POCKET: A tool for protecting children's privacy online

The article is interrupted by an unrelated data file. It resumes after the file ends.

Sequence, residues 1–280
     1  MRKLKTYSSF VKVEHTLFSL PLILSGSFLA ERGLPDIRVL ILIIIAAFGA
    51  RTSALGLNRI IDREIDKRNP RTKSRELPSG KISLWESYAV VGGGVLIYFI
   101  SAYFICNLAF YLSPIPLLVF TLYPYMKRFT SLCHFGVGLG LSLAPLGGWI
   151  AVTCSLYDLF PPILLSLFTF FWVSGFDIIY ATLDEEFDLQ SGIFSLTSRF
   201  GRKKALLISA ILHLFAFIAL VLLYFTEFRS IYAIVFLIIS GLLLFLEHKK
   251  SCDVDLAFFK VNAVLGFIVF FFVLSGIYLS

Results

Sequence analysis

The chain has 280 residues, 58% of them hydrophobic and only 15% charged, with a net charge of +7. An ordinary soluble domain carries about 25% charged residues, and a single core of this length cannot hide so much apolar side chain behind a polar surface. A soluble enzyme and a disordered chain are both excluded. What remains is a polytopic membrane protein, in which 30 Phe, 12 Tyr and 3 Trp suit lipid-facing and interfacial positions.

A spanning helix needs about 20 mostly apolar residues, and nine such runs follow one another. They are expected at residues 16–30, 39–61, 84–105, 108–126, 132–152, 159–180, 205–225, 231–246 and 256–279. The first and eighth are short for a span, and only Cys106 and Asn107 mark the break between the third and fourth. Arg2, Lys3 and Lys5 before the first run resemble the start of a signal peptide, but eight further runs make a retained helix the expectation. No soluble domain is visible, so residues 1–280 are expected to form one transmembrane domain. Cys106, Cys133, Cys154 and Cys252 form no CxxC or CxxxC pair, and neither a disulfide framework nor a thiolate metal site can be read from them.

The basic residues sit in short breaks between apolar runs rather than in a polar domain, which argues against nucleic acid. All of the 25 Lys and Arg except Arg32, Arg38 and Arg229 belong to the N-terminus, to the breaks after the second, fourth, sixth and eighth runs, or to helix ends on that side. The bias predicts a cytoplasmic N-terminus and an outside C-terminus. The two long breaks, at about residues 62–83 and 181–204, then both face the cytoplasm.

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<ul><li><p>ri</p><p>ler</p><p>Information privacy</p><p>linets fos, scor pldreformis achildren under the age of 13. To date, however, the business practices used</p><p>ls usings showrris poany tha</p><p>Decision Support Systems 54 (2013) 11611173</p><p>Contents lists available at SciVerse ScienceDirect</p><p>Decision Supp</p><p>j ourna l homepage: www.eregister at an e-commerce site because of privacy concerns. While60% decided not to patronize a site due to doubts about the company'spolicies, 7% had led a complaint regarding misuse of personal infor-mation [10]. Further, government regulations exist to provide legalprotections for people's online privacy [40]. If people are concernedabout their own privacy, it can be expected that they are equally oreven more concerned about the online privacy of their children. Psy-chologically speaking, children need protection from the dangers ofsharing personally identiable information online because they are</p><p>Recognizing the importance of protecting children's privacy on theInternet, the Children's Online Privacy Protection Act of 1998 (COPPA)enacted in the United States requires parental consent beforewebsitescan collect information from children under the age of thirteen. TheFederal Trade Commission (FTC) has adopted regulations to enforceCOPPA. Unfortunately, technology has not been developed to offerstrong protection for children's privacy and has resulted in websitesfacing civil penalties due to COPPA compliance issues [14]. An exampleof this problem is the case of Xanga.com [13], an interactive socialnetworking site that was ned $1 million dollars by the FTC for failing Various sections of this work have been presented aAmerica's Conference on Information System (AMCIS)tute (2008), and International Conference on Security a Corresponding author at: PO Box 9581, Mississippi Sta</p><p>MS 39762, USA. Tel.: +1 662 325 0288; fax: +1 662 325E-mail addresses: belanger@vt.edu (F. Blanger), rob</p><p>(R.E. Crossler), jhiller@vt.edu (J.S. Hiller), jungmin@vt.ed(M.S. Hsiao).</p><p>0167-9236/$ see front matter 2012 Elsevier B.V. Allhttp://dx.doi.org/10.1016/j.dss.2012.11.010t works with businessessoft found that 35% ofand 65% had refused to</p><p>do not have the time or technical know-how to adequately protecttheir privacy online. This refers to the concept of parental computerself-efcacy.on privacy issues, and sponsored by MicroAmericans had very high privacy concernIT artifact</p><p>1. Introduction</p><p>A paramount concern of individuatection of their privacy. Recent surveying personal privacy is growing. A HaAmerican Business, a non-prot compcalled POCKET (Parental Online Consent for Kid's Electronic Transactions). The POCKET framework is anovel, technically feasible and legally sound solution to automatically enforce COPPA.</p><p> 2012 Elsevier B.V. All rights reserved.</p><p>the Internet is the pro-that awareness regard-ll designed by Privacy &amp;</p><p>socially immature and nave [20]. Conversely, they are correspondinglysophisticated about the use of the Internet and computers, frustratingthe busy and less technological savvy parent trying to protect theirchild online [20]. To put this in other words, children know how touse the technology, including the Internet, but their parents eitherCOPPAChildrenDesign scienceand the technical approaches employed to comply with COPPA fail to protect children's online privacy effec-tively. In this paper, we describe the design of an automated tool for protecting children's online privacy,Privacy collecting information fromPOCKET: A tool for protecting children's p</p><p>France Blanger a, Robert E. Crossler b,, Janine S. Hila 850 Drilleld Drive, Suite 3007, Blacksburg, VA 240610101, USAb PO Box 9581, Mississippi State University, Mississippi State, MS 39762, USAc 850 Drilleld Drive, Suite 2120, Blacksburg, VA 240610221, USAd 1185 Perry St. Room 302, Blacksburg, VA 240610111, USA</p><p>a b s t r a c ta r t i c l e i n f o</p><p>Article history:Received 3 August 2011Received in revised form 12 September 2012Accepted 11 November 2012Available online 19 November 2012</p><p>Keywords:</p><p>Children's privacy in the onmercial purposes, in requesweb surng, chatting, gamehosting these activities ask fIn the United States, the chiwidespread collection of inCommission (FTC). COPPAt the following conferences:2007, Decision Sciences Insti-nd Management (SAM 2008).te University, Mississippi State,8651..crossler@msstate.eduu (J.-M. Park), mhsiao@vt.edu</p><p>rights reserved.vacy onlinec, Jung-Min Park d, Michael S. Hsiao d</p><p>environment has become critical. Use of the Internet is increasing for com-r information, and in the number of children who use the Internet for casualhoolwork, e-mail, interactive learning, and other applications. Often, websitesersonal information such as name, e-mail, street address, and phone number.n's online privacy protection act (COPPA) of 1998 was enacted in reaction toation from children and subsequent abuses identied by the Federal Tradeimed at protecting a child's privacy by requiring parental consent before</p><p>ort Systems</p><p>l sev ie r .com/ locate /dssto effectively implement parental consent for children to use the site.Its failure wasmassive, with over 7 million children accessing the site,creating proles with birth dates indicating they were 13. Further,Xanga.com failed to notify parents about their information collectingpractices or provide parents access to and control of the informationcollected from children. Social networking sites, where personal infor-mation abounds, can pose a special danger to children whomay shareofine identifying information that will allow them to be contacted or</p></li><li><p>1. Provide notice of information collection practices, including use</p><p>1162 F. Blanger et al. / Decision Support Systems 54 (2013) 11611173tracked. By implementing parental control over the personally iden-tiable information that a child can share, COPPA intends to empow-er parents to protect their children. Yet, as the Xanga.com caseshows, the protocol as it now exists requires a website to contact theparent for consent, and children are adept at circumventing websiteprocedures.</p><p>The goal of this research is to follow design science guidelines[19,27] to design an artifact called POCKET (Parental Online Consentfor Kid's Electronic Transactions) that provides a reliable, trustworthytechnology option for obtaining veriable parental consent as re-quired by COPPA. POCKET is designed to allow a parent to controlaccess unless the website consents to the information collection pa-rameters set by the parent. POCKET provides an easy-to-use interfacefor parents to congure privacy choices for their children, and then au-tomatically enforces these policies. By maintaining an activity log ofthe interactionwith thewebsites, it provides away to ensure account-ability in case of disputes. The development of POCKET was guided byinput from focus group sessions. The proposed tool is described fur-ther in this paper. This research provides several contributions to theliterature. First, it uniquely combines expertise and theory from theelds of business law, computer engineering, and information systemsto develop a tool to provide accountability and enforcement of COPPA.Through explicating the kernel theories implicitly interwoven intoPOCKET, we set the stage for future broader compliance with COPPAand other regulated Internet activities. Second, POCKET extendswork on the Platform for Privacy Preferences project (P3P). Third,the research provides a further examination of children's privacy on-line, including identication of factors inuencing parents use of soft-ware to protect their children's privacy online, and a description ofwhat parents need to do to protect children's privacy. Fourth, the de-sign shows how researchers have to work around parents who arenot tech-savvy to provide usable solutions. Finally, the research dem-onstrates how design science can be used to provide practical and rel-evant tools for individuals, lling an identied gap in the privacyliterature [4].</p><p>The paper is organized as follow. First, we discuss the theories andrequirements for POCKET from legal, technical, and behavioral per-spectives in the next section. The third section discusses the actualdesign of POCKET. This is followed by the evaluation of POCKETfrom the legal, technical and behavioral standpoint. The fth sectionpresents a discussion of POCKET as an IT artifact and how the projectmet the design science guidelines. This is followed by concluding re-marks, including limitations and future research.</p><p>2. Theoretical foundations for the design of POCKET</p><p>The POCKET project was initiated in response to the lack of techni-cally viable solutions for the implementation of the COPPA legal re-quirements. For the design of POCKET, however, the research teamhad to consider not only the legal requirements, but also a set of tech-nical and behavioral requirements. To illustrate the process of howthe requirements as well as overarching theories informed this devel-opment process, we draw on the design science framework providedby Kuechler and Vaishnavi [24] and present our discussion of kerneltheories, requirements, and design principles following the structureoffered by Ngai et al. [34]. Kuechler and Vaishnavi's framework dem-onstrates how, in the development of an artifact, theory is tacitly in-cluded in the product of all design science research. Following thisframework and other design science work, we drive the developmentof our artifact beginning with kernel theories that led to the identi-cation of the requirements for POCKET, which ultimately led to thedesign principles that guided the development of our artifact. Kerneltheories from the three reference disciplines drove the developmentof POCKET: legal, computer science, and information systems. In thisnext section, we further describe the kernel theories, requirements,</p><p>and design principles that informed POCKET's design.and disclosure practices.2. Obtain prior veriable parental consent for the collection, use, or</p><p>disclosure of the information. Parents should have the ability to re-frain from giving consent.</p><p>3. Facilitate parental access to information collected, the right to de-lete the information, and the ability to prohibit further collection.Parents should also be able to change or withdraw consent.</p><p>4. Refrain from conditioning a child's participation in online activitieson disclosing information unless it is reasonably necessary.</p><p>5. Protect and maintain the accuracy and security of the information2.1. Legal environment</p><p>2.1.1. Legal kernel theoryLegal requirements refer to regulations mandated by COPPA and</p><p>represent the overarching requirement this design had to meet. TheChildren's Online Privacy Protection Act of 1998 (COPPA) enacted inthe United States requires parental consent before websites can col-lect information from children under the age of 13. COPPA seeks toprotect children by giving parents control over what informationtheir children can share with websites.</p><p>2.1.2. Legal requirementsThe legal requirements of COPPA in general have been widely</p><p>discussed [20], so we only briey review them. COPPA regulationsadopted by the FTC provide a list of what can be considered personal-ly identiable information for children. In addition, COPPA providesfurther requirements regarding notice, because for parents to protecttheir children, they must be aware of website information collectionpractices and their right and ability to control information collection.Parents must then explicitly give consent for websites to collect infor-mation from their children. Veriable parental consent is one factor ofCOPPA that, technologically, has proven to be one of the most chal-lenging to implement.</p><p>Veriable consent as required by COPPA includes (a)ny reason-able effort (taking into consideration available technology). Initially,a temporary sliding scale of various methods was adopted by theFTC until technology was created that could provide a more sophis-ticated, reliable, and cost-efcient manner to obtain consent. The slid-ing scale allows websites to decide the method they use for obtainingparental consent for collecting the child's personal information [12].The website can employ a cost effective method in obtaining parentalconsent based on the site's data use policy. For example, the FTCallows for a less reliable method, E-mail Plus (uses an e-mail messageto get parental consent), if the website uses the data gathered for in-ternal purposes only. The FTC requires a more reliable method forgaining parental consent if the merchant shares the data gatheredwith third parties. Thesemethods include using a print-and-send con-sent form, a credit card transaction, a toll-free telephone numberstaffed by trained personnel, a digital certicate using public key tech-nology, or an email with a password or PIN obtained by one of theabove mentioned methods [12]. The FTC hoped that technological ad-vances would provide a more sophisticated, reliable, and cost efcientmanner to obtain consent. However, because the technology did notemerge, the FTC made the sliding scale approach permanent.</p><p>An additional requirement of COPPA is for websites to not knowing-ly encourage children (under the age of 13) to give information that isnot necessary for participation on the website. In other words, websitesshould not entice children to provide information in order to be able toaccess the site, unless needed for business with documented purposes.Finally, COPPA requires websites to protect and maintain the accuracyand security of the information they are allowed to collect. In summary,the legal requirements of COPPA include the following:collected and/or stored.</p></li><li><p>1163F. Blanger et al. / Decision Support Systems 54 (2013) 11611173The types of information that can be considered personally identi-able under COPPA include a wide variety of data elements. Fig. 3, inSection 3.3, shows the types of information as required by COPPA, andthose that are implemented in POCKET. It should be noted that thekey aspect missing from the implementation of COPPA was a robustmethod of obtaining parental consent. POCKET focused on this aspectof the implementation rather than the disclosure aspect.</p><p>2.1.3. Legal design principlesThe legal requirements identied above led to the identication of</p><p>design principles that needed to be followed to ensure that the re-sulting POCKET artifact would meet the requirements that the lawmandates. The resulting design principles are listed below, which cor-respond with the same numbered requirements above.</p><p>1. POCKET should provide a way to verify the privacy practices ofwebsites.</p><p>2. POCKET should automate the process of parents providing consentto the release and use of their children's information at a granularlevel as it matches the parent's predened preferences.</p><p>3. POCKET should provide a method for parents to review informa-tion that has been provided to websites and notify websites if theinformation should be deleted.</p><p>4. This legal requirement is beyond the control of an artifact such asPOCKET and is a...</p></li></ul>